DESCRIPTION (provided by applicant): Normal Pressure Hydrocephalus (NPH) is an age-related disorder contributing to an estimated 1-6% of all dementia in the elderly. NPH symptoms can be reversed with a ventriculo-peritoneal (VP) shunt, a mechanical device that permits drainage of excess cerebrospinal fluid (CSF). The recent advent of adjustable VP shunts that can be non-invasively reprogrammed over a wide range of pressures represents a major advance in the treatment of NPH. The adjustable shunt may allow a greater number of patients to achieve better cognitive recovery with fewer adverse outcomes by allowing gradual adjustments to intracerebral pressure that are not possible using a conventional fixed-pressure device. There is currently no published data on the neuropsychological impact of using adjustable shunts. The proposed study stands to yield results that will directly influence clinical decision-making. The long-term objectives of the current study are to define the pattern and course of cognitive recovery following shunt placement in NPH and to determine whether various shunting parameters have a differential impact on cognitive outcome. NPH patients will be implanted with a programmable valve system and will be randomized to two different shunt management groups. All patients will undergo neuropsychological testing at baseline, 10 days, three months, six months and nine months following surgery. Rate of improvement of different neuropsychological skills and the extent to which post-operative shunt pressure adjustments contribute to better cognitive and functional outcome will be examined. The study will also address the extent to which clinical response to pre-operative CSF drainage correlates with outcome following shunt placement. The candidate's near term goals are to develop research skills and expertise in the neuropsychological and biological aspects of age-related disorders affecting cognition and to establish a career as a clinical scientist. This Award would create an environment in which the candidate could focus the majority of her time on research in the area of aging and would allow her to pursue her long-range career objective, the development a fully independent research program in neurogeriatrics. New York Presbyterian Hospital-Weill Cornell Medical College (NYPH-WCMC) is a major academic medical center, an ideal environment for a developing clinical investigator. Both the environment and institutional commitment will foster the candidate's research career development and contribute to the success of the proposed research.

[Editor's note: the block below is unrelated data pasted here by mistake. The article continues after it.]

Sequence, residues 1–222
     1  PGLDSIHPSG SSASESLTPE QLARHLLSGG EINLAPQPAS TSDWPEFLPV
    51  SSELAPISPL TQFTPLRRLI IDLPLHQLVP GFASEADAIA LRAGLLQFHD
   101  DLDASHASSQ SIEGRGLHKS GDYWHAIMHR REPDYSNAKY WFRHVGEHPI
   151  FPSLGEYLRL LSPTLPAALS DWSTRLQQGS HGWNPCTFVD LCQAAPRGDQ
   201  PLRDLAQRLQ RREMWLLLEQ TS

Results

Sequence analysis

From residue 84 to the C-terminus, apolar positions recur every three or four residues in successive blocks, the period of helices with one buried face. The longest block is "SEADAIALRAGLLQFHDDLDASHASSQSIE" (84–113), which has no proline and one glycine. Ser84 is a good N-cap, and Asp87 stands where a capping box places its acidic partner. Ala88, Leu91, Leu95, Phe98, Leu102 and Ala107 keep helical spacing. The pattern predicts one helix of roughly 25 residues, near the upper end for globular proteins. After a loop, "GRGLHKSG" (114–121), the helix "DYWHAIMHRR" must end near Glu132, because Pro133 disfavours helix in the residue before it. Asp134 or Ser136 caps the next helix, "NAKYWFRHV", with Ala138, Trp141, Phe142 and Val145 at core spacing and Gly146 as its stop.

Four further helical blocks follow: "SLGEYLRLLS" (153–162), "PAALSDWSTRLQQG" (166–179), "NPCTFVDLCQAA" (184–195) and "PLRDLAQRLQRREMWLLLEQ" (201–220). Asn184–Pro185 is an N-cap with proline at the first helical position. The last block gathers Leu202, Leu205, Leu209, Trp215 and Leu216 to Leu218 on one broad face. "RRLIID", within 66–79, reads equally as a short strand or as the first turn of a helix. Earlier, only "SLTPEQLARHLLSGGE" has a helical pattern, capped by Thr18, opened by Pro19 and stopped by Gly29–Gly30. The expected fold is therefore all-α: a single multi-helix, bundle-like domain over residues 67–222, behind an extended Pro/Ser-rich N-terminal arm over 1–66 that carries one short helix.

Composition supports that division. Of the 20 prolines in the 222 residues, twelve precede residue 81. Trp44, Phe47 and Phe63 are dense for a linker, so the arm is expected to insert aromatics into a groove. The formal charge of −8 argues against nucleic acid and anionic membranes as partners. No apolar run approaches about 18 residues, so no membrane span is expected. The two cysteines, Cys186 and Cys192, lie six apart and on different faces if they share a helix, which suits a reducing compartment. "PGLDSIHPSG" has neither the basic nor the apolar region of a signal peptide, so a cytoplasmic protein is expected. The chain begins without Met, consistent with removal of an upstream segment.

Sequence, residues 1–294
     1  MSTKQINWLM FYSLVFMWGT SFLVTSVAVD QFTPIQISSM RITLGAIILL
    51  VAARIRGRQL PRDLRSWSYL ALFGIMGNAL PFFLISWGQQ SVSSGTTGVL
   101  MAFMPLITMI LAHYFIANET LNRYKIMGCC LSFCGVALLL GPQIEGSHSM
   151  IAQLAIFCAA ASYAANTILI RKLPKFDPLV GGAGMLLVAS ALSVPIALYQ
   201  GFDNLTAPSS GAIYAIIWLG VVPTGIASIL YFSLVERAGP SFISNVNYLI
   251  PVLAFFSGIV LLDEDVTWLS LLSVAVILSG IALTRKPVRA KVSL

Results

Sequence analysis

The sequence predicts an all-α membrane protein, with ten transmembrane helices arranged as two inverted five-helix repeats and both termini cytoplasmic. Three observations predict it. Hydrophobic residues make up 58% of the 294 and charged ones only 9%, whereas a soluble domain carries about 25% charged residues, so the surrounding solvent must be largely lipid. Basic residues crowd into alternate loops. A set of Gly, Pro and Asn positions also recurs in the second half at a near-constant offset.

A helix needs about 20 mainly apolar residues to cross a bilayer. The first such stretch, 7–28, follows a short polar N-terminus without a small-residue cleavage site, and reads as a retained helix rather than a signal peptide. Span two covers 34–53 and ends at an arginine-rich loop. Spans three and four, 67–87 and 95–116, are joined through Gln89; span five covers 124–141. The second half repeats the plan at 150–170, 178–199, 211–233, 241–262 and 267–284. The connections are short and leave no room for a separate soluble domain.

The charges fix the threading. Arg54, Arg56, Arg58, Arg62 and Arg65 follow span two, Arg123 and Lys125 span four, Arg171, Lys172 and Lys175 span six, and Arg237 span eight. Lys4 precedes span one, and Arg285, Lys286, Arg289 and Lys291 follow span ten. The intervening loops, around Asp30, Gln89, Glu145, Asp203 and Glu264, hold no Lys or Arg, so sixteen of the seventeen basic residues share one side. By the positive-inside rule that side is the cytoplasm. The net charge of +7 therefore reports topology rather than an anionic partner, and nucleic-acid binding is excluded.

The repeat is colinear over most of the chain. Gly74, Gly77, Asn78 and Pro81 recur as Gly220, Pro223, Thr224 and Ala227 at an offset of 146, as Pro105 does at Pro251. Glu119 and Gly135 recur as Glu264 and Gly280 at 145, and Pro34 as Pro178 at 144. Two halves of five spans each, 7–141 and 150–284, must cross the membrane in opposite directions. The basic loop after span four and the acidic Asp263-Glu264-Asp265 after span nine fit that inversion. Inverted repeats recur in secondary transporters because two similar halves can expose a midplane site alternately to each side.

|Effective start/end date||7/1/05 → 4/30/12|
- National Institutes of Health: $135,071.00
- National Institutes of Health: $137,700.00
- National Institutes of Health: $139,849.00
- National Institutes of Health: $136,328.00
- National Institutes of Health: $142,499.00
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